Posted November 18th, 2009 by debritz
Tex Perkins' star turn as Johnny Cash in The Man in Black has, according to the show's publicist, had Brisbane audiences "crying out for more". The producers, Folsom Prison Productions, have extended the season at the Twelfth Night Theatre until December 13. In a not-so-similar vein, Eurovision parody Eurobeat, starring Rhonda Burchmore and Glynn Nicholas with guest appearances from Glenn Shorrock and Wilbur Wilde, opens at the Lyric Theatre, QPAC, on November 25.
Posted November 18th, 2009 by debritz
Wil Anderson, Claire Hooper, Frank Woodley, Greg Sullivan, Tom Gleeson, Stav Davidson, Lindsay Webb, Terry Hansen, Fred Lang, Katrina Davidson and Mark McConville are among the top-notch comics who will perform in the Doin' It For Dave gig at the Sit Down Comedy Club, at Brisbane's Paddington Tavern on Sunday, November 22 at 4pm and 7pm. The money raised will help popular comic Dave Grant in his fight against pancreatic cancer. Book tickets, at $45 each, on 3369 4466.
Posted November 15th, 2009 by debritz
As I post this, the Brisbane Arts Theatre is about to launch its 2010 season. Rather than me tell you what's in store, here's a video explaining it all:
Posted November 11th, 2009 by debritz
Britney Spears is under fire for lip-synching when she should be singing. Give the girl a break, I say. Haven't we all been guilty at one time or another of pretending to work?
Posted November 10th, 2009 by debritz
The producers are calling it "the show the Thetare Royal didn't want you to see". After being rejected by Hobart's most historic theatre, Simon Bryce and Andrew Guild have found a new venue for their show, Busting Out, and a planned Tasmanian tour will go ahead next year. It will run at the Derwent Entertainment Centre, in "lyric mode", on June 11, along with dates in Launceston, Burnie and Devonport. Bryce said in a media statement: “I’ve taken it as a personal challenge to get this production to Tasmania. Why should a show that’s been seen by over 230,000 people in over 50 other theatres around Australia and New Zealand, miss out on coming to Tasmania?” You can read more about the saga and the show, starring Emma Powell and Bev Killick, here and here.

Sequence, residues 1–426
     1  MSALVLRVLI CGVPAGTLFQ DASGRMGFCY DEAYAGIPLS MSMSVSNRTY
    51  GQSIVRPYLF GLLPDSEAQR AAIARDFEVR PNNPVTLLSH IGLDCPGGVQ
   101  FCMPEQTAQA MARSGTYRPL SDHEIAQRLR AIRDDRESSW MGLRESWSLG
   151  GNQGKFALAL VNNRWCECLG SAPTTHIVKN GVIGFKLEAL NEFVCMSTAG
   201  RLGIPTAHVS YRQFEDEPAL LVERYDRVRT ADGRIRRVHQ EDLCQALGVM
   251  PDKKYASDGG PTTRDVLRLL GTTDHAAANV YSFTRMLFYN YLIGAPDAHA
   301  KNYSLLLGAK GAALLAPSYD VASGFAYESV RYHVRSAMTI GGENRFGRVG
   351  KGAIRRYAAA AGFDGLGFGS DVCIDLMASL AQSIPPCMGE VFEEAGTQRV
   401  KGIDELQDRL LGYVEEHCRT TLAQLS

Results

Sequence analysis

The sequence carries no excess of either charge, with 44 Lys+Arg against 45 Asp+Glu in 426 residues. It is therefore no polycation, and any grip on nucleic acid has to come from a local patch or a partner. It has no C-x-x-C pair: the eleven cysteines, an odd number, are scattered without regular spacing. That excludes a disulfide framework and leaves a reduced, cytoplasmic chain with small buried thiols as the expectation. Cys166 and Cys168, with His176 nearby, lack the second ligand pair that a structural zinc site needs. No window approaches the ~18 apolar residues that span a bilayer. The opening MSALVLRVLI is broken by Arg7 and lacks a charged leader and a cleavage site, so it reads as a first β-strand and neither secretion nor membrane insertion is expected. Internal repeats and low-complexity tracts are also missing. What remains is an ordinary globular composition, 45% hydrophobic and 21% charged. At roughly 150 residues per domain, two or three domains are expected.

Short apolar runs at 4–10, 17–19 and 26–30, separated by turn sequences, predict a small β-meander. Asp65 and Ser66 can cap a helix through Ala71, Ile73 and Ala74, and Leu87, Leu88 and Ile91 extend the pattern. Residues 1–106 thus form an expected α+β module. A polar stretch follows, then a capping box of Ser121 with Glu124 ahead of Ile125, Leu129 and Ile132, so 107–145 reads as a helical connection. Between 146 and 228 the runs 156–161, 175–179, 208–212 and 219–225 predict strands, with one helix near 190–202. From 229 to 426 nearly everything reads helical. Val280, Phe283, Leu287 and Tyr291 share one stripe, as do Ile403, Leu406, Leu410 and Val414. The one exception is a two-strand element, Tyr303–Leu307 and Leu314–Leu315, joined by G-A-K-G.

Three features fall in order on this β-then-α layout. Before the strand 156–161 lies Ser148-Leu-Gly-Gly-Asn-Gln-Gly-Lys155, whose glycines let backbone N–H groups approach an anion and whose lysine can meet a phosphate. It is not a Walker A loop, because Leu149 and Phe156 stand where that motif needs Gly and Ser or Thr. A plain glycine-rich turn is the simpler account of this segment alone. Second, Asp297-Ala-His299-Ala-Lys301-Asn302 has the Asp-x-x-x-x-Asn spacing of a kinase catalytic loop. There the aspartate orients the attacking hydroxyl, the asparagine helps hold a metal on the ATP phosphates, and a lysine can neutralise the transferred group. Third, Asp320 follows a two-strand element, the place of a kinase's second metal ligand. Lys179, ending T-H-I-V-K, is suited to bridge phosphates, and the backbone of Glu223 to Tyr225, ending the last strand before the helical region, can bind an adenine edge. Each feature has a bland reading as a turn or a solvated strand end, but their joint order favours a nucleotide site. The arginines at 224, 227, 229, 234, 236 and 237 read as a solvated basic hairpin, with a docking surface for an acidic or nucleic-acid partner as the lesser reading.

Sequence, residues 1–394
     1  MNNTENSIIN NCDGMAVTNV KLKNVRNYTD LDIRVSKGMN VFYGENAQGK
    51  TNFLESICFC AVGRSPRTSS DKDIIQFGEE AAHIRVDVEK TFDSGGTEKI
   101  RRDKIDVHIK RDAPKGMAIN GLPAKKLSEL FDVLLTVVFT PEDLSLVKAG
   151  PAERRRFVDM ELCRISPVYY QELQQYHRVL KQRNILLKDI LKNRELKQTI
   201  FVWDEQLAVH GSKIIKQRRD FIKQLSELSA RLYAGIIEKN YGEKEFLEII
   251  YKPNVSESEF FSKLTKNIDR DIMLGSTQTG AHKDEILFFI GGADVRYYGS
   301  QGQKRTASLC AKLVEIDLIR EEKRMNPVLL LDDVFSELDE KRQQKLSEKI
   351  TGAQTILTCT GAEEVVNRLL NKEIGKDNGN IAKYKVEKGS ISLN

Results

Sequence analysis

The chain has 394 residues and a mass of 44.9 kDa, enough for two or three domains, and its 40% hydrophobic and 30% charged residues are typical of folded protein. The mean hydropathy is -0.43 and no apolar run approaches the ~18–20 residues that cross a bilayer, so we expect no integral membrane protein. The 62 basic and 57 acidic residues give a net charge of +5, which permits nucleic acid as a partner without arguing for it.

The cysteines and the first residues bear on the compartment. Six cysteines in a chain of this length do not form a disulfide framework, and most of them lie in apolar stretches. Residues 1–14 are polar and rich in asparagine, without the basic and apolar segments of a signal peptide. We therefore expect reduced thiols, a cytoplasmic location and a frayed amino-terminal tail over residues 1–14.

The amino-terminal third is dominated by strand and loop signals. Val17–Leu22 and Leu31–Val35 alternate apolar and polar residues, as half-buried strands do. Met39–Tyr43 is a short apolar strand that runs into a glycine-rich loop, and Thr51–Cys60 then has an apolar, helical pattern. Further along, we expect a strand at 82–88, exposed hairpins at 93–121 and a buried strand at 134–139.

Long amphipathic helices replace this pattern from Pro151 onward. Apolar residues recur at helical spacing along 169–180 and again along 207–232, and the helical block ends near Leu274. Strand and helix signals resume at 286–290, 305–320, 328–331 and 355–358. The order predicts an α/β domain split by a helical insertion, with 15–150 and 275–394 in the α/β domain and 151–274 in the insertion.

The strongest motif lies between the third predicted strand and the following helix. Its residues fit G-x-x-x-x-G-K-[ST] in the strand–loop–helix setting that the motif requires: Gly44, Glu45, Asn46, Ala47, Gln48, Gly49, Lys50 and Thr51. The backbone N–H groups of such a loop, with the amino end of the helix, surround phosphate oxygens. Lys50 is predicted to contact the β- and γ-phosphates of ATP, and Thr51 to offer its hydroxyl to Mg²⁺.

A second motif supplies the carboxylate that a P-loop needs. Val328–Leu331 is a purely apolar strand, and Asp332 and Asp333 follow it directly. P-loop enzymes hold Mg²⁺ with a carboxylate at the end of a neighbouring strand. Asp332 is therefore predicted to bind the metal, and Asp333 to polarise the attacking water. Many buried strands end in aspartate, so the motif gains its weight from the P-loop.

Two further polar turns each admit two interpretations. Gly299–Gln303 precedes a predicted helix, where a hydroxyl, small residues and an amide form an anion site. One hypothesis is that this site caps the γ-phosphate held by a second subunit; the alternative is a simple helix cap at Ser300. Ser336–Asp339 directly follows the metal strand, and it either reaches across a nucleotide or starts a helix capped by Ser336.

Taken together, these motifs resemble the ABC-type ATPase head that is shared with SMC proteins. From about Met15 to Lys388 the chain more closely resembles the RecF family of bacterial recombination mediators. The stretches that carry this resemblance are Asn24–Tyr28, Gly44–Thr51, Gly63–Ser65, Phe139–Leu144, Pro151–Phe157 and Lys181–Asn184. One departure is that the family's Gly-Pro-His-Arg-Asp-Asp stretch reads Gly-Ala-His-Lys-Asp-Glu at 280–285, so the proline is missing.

Posted November 2nd, 2009 by debritz
With memories of the Brisbane Festival still fresh, the Queensland capital is to get another, albeit more modest, performing arts event. The BITS Festival is described as "an open-access, one-day event for independent theatre makers to showcase their work". The organisers say it's a preview for a larger event in 2010 that aims to give performing artists an opportunity to present their work to an audience and to their peers. If you're an artist who wants to be involved, or a potential audience member, the details are bitsfestival.com.
Posted November 2nd, 2009 by debritz
Two quotes from different writers:
This production is QTC's triumph of the decade, so see it and be prepared to be taken out of your comfortable world and sit shivering on the edge of your seat - that is, when your heart starts beating again.
Powerful moments of fragile vulnerability are drowned out by yawning dullness. Provocative subtext is lost by basic presentations of the script. Moments of high drama seem contrived and uncomfortable ... And so the audience is left with awkward embarrassment.
Both are reviews of the same theatre production -- Queensland Theatre Company's revival of Arthur Miller's The Crucible, directed by Michael Gow and now playing at the QPAC Playhouse in Brisbane. The first quote is from the A Little Gossip arts newsletter and written by Alison Cotes, who I have known for a long time and has been reviewing theatre in Brisbane for more than 30 years. The second quote was published under the headline "How the Queensland Theatre Company crucified Miller's Crucible" and was published on the Brisbane Times website. It's written by Katherine Feeney, who I don't know but I believe has been writing for the BT website since its inception a couple of years ago, and pens a sex and relationships column called CityKat. While I have read arts interviews and listings under her name, I can't recall reading a review by her before. Readers who rely on published reviews to shape their ticket-buying choices would be confused by such a stark contrast in critical assessment, the likes of which I have not seen in years. Of course, I'm not claiming that one is right and one is wrong. I haven't seen the play but, from what I can gather online, the audience reaction on opening night was very positive. Another critic well known to me, Katherine Lyall Watson, says at ourbrisbane.com that the play is "not without its flaws, but the joys of the production far outweigh them". And Eric Scott, a vastly experience journalist whose opinion I also value, says at his absolutetheatre.com.au website: "This is the most powerful production from the Queensland Theatre Company I think I’ve seen. Director Michael Gow’s casting was perfect in this 20 character play, which used 19 actors, and he moulded them brilliantly into a gripping, suspenseful piece of theatre drama. It was the finest piece of direction I’ve seen from the company’s Artistic Director." At the end of the day, if you're thinking of shelling out the money for a show, I guess you have to trust the people you know and/or whose assessments have generally aligned with your own. After all, nothing can replace seeing it for yourself.